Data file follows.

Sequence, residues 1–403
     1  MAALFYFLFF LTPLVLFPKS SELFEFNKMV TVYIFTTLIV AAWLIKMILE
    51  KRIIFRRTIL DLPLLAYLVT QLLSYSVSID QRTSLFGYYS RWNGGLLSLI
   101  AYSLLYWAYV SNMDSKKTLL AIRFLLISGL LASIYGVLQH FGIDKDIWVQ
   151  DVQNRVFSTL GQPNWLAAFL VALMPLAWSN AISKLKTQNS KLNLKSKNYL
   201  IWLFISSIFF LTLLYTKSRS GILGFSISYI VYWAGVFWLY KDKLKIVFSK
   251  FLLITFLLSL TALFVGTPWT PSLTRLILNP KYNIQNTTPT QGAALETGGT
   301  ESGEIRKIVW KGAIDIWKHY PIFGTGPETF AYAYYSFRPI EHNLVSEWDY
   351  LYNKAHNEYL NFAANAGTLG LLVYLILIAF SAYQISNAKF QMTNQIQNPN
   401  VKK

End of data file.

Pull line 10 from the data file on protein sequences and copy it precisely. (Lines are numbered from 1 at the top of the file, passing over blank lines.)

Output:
   401  VKK